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Introduction
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Prelude
The Shaping of Canada
Why Confederation?
On the Road to Confederation
People in the Background
Provinces
People
Gallery
For more info
Glossary
For Teachers
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Prelude to Confederation: The Making of Canada

Why Confederation?

In the 1860s the British colonies were facing many different kinds of problems. One solution for all of these was for the colonies to come together to form one country. These are the problems that led to Confederation:

Political problems

The Province of Canada contained the most people and was later made into the provinces of Ontario and Quebec. The government of the Province of Canada did not run smoothly because the English-speaking and French-speaking halves had different ideas about how things should be run. Leaders from both parts of the province decided that joining the other colonies might help solve their own political problems.

Economic problems

In order for their economies to do well, the colonies needed to be able to sell their goods to other markets. At this time there were very few places that they could sell to. One solution was to bring all the colonies together. In this way they could more easily sell their goods to each other.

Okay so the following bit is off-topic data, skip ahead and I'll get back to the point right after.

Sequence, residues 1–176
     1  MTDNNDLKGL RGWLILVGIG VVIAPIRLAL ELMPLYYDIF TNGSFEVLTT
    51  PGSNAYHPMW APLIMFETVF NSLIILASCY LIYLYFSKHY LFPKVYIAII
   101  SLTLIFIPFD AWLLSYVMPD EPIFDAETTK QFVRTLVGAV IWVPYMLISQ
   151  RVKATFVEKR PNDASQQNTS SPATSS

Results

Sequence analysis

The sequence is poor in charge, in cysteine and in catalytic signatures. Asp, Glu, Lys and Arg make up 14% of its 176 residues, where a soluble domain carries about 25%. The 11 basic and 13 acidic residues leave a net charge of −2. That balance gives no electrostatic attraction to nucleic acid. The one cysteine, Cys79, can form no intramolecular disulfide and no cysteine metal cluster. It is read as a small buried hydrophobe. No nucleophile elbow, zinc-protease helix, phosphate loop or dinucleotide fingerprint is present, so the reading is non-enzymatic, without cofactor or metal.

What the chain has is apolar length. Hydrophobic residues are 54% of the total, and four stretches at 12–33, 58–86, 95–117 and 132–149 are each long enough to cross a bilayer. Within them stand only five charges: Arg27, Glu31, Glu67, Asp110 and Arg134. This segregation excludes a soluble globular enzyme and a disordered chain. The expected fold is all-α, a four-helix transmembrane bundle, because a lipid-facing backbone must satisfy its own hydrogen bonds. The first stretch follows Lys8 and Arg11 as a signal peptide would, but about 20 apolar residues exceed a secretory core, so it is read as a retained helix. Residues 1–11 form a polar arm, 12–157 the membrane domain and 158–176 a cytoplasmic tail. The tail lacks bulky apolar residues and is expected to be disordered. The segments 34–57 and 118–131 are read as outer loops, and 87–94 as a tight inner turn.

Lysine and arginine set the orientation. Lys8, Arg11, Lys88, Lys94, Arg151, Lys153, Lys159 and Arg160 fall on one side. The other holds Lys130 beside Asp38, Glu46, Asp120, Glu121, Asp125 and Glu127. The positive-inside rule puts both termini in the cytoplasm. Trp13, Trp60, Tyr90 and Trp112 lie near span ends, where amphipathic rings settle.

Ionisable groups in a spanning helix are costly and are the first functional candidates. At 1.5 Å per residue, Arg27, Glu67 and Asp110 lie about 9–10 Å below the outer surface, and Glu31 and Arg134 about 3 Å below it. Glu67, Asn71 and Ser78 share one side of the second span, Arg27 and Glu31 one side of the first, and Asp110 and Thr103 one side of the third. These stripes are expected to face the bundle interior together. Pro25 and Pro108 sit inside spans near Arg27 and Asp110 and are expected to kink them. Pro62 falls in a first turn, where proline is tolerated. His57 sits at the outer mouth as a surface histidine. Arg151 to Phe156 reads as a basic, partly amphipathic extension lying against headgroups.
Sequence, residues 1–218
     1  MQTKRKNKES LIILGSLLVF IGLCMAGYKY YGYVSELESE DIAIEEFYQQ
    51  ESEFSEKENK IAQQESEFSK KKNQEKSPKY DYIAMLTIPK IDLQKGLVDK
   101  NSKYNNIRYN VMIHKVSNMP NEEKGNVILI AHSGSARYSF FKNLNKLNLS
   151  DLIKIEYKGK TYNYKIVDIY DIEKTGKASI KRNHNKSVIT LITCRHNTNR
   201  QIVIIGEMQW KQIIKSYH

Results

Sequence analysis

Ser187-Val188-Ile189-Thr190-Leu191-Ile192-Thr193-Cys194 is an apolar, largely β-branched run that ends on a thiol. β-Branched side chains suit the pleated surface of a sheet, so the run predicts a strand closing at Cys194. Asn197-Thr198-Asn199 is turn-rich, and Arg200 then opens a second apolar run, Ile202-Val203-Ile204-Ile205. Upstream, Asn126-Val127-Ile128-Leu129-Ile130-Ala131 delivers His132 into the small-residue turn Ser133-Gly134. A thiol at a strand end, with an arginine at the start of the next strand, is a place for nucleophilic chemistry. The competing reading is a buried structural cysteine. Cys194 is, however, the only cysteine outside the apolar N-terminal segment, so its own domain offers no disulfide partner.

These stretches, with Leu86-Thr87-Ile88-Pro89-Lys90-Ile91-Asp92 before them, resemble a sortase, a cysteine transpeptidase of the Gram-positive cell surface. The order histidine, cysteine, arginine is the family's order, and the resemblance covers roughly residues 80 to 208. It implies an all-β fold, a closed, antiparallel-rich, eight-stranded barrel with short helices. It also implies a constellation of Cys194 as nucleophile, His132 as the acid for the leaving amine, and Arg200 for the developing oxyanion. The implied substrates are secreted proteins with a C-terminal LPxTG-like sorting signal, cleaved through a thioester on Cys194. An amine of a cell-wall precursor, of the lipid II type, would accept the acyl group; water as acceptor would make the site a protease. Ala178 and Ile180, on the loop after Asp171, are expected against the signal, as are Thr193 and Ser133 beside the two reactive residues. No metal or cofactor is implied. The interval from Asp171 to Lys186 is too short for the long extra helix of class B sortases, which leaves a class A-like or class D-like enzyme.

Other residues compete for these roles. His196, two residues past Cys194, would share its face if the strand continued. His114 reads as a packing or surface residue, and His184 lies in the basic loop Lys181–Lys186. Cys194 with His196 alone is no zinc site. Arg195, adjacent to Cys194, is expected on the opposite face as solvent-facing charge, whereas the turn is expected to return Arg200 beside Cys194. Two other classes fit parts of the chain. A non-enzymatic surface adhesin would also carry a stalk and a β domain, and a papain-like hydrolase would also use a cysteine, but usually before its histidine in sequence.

Military problems

Since America had fought Britain to gain its independence the relationship between British North America and the United States had never been stable. The relationship became even worse when Britain supported the South in the American Civil War. The North won the war and was angry at Britain for helping the South. Many Americans wanted to take over all of what is now Canada.

Meanwhile, Britain didn't want to have to pay for the cost of defending its colonies. It decided to encourage the colonies to join together, because the United States would be less likely to attack Canada if it were a self-governing country rather than separate colonies of Britain. The fear of the United States helped to strengthen the call for Confederation.


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